What a pair

My lovely dad would have been 81 today but unfortunately, we lost him to a brain tumour 4 years ago. I woke up feeling crap so thought I’d do something positive and write another post.

It’s crazy how such a small thing can keep you from one of the most important decisions of your life. I would come up with any ridiculous excuse to stop drinking and again, it would be “I’ll start on Monday”. Along with a few other things this wine glass kept me from making the decision for about 12 months. I’m sure you’ll agree, it’s a lovely wine glass. It came with a matching coaster too so no red wine marks – bonus! My mum loves her stocking fillers at Christmas …

Anyway, when I was absolutely 150% serious and wanted to stop drinking, I needed to come up with some way of using this glass because it would only end up in the cupboard collecting dust otherwise, which would have done my head in thinking it was going to waste. The last thing I wanted was to start thinking “I’ll have one more so then it’s getting used.”

One day I was just watching some crap on TV and couldn’t really concentrate. Then an idea popped in my head. I’ll buy some beads and drop one in my favourite wine glass every day I’m sober. After all, it is one day at a time and I need as much motivation as I can find. Genius idea! I made my purchase on eBay and there’s over 100 beads in there now …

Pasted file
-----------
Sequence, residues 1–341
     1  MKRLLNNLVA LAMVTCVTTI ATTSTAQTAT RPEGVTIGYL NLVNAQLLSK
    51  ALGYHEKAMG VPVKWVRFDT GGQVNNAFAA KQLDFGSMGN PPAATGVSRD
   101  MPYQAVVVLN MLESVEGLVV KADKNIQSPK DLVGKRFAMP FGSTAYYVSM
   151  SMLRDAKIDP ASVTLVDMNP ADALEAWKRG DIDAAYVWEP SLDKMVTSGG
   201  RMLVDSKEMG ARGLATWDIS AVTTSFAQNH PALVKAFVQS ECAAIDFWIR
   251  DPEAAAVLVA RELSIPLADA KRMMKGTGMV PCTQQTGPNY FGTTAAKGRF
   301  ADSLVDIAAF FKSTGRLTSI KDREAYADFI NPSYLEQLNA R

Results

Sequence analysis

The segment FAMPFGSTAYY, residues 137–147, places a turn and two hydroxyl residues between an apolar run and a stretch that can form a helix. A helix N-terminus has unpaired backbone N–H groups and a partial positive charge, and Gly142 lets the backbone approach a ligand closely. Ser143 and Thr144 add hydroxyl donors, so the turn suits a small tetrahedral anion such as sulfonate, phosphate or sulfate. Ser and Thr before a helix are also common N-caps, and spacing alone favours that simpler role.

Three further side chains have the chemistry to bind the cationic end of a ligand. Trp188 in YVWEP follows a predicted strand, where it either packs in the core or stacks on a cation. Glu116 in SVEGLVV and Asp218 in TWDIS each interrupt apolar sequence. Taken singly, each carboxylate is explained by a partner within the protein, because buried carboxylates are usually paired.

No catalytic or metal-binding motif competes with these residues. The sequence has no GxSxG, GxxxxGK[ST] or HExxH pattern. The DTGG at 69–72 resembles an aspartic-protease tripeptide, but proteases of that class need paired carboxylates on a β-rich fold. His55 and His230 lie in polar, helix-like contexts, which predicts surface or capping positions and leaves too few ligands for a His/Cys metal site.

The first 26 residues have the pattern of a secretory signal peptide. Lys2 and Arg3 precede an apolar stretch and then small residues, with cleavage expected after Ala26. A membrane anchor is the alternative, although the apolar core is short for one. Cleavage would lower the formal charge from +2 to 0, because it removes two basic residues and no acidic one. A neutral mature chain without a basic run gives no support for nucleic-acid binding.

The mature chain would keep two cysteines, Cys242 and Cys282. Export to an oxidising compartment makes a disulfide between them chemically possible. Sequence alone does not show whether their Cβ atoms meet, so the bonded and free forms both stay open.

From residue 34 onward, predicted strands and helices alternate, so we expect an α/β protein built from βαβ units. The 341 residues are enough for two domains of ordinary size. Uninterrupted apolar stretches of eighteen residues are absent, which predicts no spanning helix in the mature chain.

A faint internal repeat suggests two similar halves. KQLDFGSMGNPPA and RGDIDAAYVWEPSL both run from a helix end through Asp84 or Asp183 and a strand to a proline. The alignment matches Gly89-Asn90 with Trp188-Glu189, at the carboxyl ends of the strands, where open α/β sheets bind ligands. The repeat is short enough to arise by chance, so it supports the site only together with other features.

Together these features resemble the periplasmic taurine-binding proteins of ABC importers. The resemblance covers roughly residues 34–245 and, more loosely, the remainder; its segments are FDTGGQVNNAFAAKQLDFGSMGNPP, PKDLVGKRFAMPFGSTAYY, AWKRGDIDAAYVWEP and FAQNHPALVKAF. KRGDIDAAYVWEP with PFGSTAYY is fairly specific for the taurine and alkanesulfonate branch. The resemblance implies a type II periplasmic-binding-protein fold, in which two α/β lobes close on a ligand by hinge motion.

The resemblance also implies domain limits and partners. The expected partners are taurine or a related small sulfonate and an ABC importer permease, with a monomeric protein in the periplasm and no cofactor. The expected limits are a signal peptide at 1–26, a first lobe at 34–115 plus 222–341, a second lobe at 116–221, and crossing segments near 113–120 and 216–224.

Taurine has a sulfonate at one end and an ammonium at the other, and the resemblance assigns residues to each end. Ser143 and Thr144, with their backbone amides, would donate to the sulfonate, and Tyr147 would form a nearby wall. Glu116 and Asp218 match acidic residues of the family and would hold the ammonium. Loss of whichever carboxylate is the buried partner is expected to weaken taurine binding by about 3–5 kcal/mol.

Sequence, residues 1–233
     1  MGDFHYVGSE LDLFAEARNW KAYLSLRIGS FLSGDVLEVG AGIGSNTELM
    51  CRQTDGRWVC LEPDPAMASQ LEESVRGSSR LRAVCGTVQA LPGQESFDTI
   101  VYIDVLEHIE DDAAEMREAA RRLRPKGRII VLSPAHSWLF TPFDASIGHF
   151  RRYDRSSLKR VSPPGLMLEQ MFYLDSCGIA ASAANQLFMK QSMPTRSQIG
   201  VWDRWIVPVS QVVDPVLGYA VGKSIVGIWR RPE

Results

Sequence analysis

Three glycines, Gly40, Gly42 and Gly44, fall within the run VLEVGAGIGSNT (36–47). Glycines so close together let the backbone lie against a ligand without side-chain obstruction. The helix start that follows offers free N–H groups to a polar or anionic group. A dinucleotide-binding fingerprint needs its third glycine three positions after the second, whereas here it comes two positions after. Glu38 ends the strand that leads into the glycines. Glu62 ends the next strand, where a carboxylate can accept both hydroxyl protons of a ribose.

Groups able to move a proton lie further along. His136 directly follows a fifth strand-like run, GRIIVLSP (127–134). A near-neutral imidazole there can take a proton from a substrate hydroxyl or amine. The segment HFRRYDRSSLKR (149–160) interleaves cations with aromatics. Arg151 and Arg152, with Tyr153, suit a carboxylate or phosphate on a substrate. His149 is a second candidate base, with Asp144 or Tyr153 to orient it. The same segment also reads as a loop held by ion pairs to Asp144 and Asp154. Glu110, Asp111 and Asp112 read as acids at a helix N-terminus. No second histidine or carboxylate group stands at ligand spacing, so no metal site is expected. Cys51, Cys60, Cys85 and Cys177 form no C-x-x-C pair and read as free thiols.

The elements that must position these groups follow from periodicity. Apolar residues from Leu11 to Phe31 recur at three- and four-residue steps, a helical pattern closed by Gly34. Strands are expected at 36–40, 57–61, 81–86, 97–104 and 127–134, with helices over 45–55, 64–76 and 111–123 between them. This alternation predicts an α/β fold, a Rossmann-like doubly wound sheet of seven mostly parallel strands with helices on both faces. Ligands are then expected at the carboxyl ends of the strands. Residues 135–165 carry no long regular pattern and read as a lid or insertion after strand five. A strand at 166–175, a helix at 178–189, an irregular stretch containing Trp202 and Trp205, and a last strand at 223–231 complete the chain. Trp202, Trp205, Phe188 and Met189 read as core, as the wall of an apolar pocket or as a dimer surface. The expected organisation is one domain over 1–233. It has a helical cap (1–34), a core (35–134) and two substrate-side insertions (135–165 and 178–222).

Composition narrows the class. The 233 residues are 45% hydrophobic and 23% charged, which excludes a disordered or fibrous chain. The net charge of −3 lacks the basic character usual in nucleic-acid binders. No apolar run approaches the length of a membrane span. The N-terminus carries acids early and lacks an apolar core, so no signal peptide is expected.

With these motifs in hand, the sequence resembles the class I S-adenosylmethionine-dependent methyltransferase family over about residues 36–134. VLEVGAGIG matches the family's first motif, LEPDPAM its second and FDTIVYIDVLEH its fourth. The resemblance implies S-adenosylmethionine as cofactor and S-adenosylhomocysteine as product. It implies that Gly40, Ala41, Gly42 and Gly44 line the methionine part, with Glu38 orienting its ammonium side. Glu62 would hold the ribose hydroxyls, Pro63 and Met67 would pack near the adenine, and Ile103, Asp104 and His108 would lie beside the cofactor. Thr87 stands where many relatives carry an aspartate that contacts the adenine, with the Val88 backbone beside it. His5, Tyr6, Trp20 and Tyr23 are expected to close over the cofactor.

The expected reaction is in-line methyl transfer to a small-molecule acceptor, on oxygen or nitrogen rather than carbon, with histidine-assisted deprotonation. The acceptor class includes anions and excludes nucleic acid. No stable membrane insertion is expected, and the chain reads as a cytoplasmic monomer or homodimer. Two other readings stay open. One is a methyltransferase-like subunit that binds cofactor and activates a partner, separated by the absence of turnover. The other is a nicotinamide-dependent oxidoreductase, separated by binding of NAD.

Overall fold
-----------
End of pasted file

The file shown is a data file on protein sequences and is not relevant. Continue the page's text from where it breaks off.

So what started off as something that kept my drinking going turned into something that’s helping me with the most challenging yet best decision I’ve ever made – to stay sober!

Well done, Mum. You’ve pulled it out the bag again and I love you more than you’ll ever know! Xxx

P.S. I got asked for I.D in Tesco last night. I’m not sure which is funnier, the fact I’m 38 or the fact it’s alcohol free!!

18 thoughts on “What a pair

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  1. I am replying to this as Claire’s Mum. I actually bought her that glass as a censure on how much she was drinking but she didn’t realise that. As a Mum you never stop worrying about your offspring but when they have a problem with alcohol it make the worry even worse. We have always had a close relationship and mostly Claire has been honest with me. However when a long term relationship had broken down, probably because of her drinking, she seemed to always be searching for the next thing whether it was a new job or a new partner. Every time these things failed I knew it was because of her drinking and told her so and she would agree. Many times she said she was going to get help but then the next day everything would be fine and she would swear she didn’t have a problem. I even said to her on many occasions that if she couldn’t do it for herself then do it for me. I now realise this was futile as the only person she should do it for was herself. I really don’t want to go into the things that she did during that time but the anxiety and worry I had caused me many sleepless nights.
    When she moved to the Isle of Man I was very concerned. When she had needed help before she was an hour’s drive away, now she was on an island and it would mean either a flight or four hours on a boat. For the first two weeks she was still drinking and I would get the midnight rambling call. One night she was out of control sending WhatsApp messages and for the first time she was really belligerent and argumentative, so much so I told her not to contact me again. Of course I didn’t mean it and the next day she rang me really tearful because she could see what she had sent the night before. I think that was the catalyst for her to look at her life and come to the realisation that her life was in a downward spiral. I have to confess that I thought I had heard it all before and didn’t hold out much hope, but I am so pleased that she made that decision because now she is the person who she is meant to be.